FIG. 2 is a flowchart representing normal (non-alarm) communication between server 1 and DVRs 2 and 8. There can be an unlimited number of DVRs of various makes and models connected via a network medium to the server. The DVRs communicate with the server on a continuous basis. Data packets are sent using a network medium 5 via the http protocol, https protocol or other network protocol from the DVRs to the server 1. These packets are sent on a regular interval from the DVRs to the server. This allows communication with the DVRs from behind a firewall, as the DVRs are initiating the communication, requiring no special ports be opened on the router or firewall device attached to the DVRs. The packets sent from the DVRs to the server contain information such as the health status of the DVR as well as the publicly accessible IP address (step 10). If the server has successfully authenticated the DVR's authorization to communicate with the server, the server receives these packets and processes them accordingly (step 11). If the server has no instructions for the DVRs, the server returns a packet acknowledging the receipt of data from the DVR. If the server has instructions for either a specific DVR or all DVRs globally, those instructions are sent along with the packet receipt acknowledgement back to the DVRs. The IP addresses are preferably the public Internet addresses of the DVRs. Health status messages consist of the status of various hardware and software components on the DVR's. These Health Status Messages can consist of a variety of items that include, but are not limited to: available hard disk space, CPU temperature, CPU usage, video lost on a DVR's input camera channels, and the like. The server 1 also stores specific data about the connected DVR 2. This information includes, but is not limited to, the IP address of the DVRs, the username and password to connect to the DVRs and the DVR's native interface, the external ports that the DVRs use to communicate over the network medium, and the available features of the remote DVRs.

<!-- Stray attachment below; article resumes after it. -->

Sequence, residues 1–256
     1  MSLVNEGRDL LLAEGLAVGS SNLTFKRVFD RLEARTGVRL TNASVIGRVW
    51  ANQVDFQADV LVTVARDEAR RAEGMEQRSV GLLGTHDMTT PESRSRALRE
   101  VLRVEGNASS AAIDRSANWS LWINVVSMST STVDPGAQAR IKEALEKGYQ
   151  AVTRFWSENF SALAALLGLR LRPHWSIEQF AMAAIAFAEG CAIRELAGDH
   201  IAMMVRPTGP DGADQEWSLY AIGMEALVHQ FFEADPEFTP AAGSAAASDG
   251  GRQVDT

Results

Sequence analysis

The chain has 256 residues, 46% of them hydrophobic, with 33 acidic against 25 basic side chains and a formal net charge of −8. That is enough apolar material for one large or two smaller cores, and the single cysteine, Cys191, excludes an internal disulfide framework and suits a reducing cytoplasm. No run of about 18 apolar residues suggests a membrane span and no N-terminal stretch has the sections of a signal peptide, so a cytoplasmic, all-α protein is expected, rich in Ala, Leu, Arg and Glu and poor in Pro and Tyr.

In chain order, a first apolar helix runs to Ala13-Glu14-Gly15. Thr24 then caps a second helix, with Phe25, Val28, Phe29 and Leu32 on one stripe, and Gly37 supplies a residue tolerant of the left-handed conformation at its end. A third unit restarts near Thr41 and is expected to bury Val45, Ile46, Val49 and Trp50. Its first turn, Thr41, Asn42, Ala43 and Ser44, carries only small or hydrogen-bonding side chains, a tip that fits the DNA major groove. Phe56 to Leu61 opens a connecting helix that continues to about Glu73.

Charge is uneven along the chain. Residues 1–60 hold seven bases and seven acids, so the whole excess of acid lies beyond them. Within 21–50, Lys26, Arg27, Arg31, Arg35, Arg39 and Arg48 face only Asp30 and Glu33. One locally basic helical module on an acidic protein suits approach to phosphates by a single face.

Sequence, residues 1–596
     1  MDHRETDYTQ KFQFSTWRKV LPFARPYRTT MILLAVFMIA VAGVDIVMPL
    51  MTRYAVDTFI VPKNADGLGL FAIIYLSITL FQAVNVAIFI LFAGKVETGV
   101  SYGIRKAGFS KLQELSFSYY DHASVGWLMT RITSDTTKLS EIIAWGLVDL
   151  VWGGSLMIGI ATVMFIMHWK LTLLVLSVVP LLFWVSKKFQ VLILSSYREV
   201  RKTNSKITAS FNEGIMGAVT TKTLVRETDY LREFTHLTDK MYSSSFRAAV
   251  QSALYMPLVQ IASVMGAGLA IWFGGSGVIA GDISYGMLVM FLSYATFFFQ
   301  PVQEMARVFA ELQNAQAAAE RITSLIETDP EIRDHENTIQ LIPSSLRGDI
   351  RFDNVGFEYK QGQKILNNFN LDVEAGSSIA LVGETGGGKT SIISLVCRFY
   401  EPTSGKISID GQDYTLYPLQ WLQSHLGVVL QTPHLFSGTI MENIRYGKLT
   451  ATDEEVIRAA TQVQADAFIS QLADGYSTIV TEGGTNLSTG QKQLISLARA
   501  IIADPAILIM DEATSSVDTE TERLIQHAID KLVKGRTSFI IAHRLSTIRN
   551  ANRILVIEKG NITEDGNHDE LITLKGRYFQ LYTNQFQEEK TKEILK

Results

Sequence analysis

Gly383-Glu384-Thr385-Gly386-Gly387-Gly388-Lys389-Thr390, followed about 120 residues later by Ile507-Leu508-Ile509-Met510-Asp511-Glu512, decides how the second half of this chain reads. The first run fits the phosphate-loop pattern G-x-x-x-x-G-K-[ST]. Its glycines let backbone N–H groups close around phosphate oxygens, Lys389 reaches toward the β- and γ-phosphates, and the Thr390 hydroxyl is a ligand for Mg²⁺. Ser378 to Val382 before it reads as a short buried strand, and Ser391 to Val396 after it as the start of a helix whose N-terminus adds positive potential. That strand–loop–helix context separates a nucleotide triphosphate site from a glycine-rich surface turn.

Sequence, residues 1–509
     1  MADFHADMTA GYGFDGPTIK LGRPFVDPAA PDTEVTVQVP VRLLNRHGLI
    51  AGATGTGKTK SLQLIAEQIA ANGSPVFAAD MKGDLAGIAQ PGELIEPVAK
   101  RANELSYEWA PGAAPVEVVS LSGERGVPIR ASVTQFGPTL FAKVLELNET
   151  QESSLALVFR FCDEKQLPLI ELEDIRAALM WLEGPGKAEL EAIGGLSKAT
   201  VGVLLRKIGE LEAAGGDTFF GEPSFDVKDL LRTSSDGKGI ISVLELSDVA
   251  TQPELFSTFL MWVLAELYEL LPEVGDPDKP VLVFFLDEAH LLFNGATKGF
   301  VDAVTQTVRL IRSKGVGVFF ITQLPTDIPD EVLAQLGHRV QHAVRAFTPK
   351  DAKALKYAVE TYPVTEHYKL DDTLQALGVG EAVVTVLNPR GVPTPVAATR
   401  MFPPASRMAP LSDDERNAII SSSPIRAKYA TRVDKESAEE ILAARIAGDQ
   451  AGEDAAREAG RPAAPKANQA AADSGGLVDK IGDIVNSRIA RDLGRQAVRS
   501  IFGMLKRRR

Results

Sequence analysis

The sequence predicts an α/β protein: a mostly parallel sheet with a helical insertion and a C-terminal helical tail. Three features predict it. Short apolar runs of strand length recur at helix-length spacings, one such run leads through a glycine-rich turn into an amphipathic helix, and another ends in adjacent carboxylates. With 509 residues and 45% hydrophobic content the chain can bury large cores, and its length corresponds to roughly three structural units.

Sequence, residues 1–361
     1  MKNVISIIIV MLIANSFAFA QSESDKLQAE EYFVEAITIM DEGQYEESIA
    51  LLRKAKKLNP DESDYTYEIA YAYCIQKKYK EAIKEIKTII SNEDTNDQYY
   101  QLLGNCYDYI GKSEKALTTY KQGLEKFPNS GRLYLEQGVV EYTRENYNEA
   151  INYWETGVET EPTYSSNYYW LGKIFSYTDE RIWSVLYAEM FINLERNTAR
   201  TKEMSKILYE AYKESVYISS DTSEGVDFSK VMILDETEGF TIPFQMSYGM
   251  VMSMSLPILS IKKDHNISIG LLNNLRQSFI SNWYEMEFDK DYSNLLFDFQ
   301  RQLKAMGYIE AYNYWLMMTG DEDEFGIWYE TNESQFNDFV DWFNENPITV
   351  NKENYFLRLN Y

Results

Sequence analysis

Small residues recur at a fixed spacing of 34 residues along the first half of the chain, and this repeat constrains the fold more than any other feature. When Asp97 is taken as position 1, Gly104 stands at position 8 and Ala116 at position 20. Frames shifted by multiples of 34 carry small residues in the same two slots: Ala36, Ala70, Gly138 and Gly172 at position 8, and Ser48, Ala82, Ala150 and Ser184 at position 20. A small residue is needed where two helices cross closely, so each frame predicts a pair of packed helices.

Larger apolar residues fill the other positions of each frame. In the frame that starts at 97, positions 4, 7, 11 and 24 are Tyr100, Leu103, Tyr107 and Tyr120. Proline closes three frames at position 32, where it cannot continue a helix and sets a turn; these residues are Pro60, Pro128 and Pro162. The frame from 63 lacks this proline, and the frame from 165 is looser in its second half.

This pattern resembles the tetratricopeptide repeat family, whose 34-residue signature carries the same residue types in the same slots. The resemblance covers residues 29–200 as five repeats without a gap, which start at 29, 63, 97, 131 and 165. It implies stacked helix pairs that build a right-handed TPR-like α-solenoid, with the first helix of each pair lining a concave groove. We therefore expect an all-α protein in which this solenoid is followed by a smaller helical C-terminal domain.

For example, if server 1 has an instruction for DVR 8 to carry out, the instruction is contained in the packet returned to DVR 8. The DVR 8 processes the command (step 12) and returns the result of the command (step 13) to the server 1. These commands include, but are not limited to, rebooting the DVR 8 unit, instructing the unit to begin capturing video clips, instructing the unit to upload the video clips to server, activating onboard relay switches on the remote DVR 8, causing the DVR 8 to go into alarm mode, instructing the DVR 8 to make a modification to its preprogrammed workflow or settings and the like. The DVR's are constantly recording video or video images from predefined, attached cameras. This video may be stored either locally, such as on the DVR, or remotely, such as on an external device. Each DVR is monitoring for abnormalities within its assigned environment via an input device or from analysis of the DVRs' incoming audio or video stream. The input device consists of a hard-wired or wireless input or a data connection to another device such as an alarm panel or panic button. Video/audio stream analysis consists of either a) motion and/or sound detected during an assigned time where no motion or sound should occur; or b) any other kind of video or audio analysis that detects an abnormality in the video or audio input streams. If a DVR detects input from the external device or video analysis indicates an abnormality in the video or audio stream, software running on the DVR generates an alarm condition.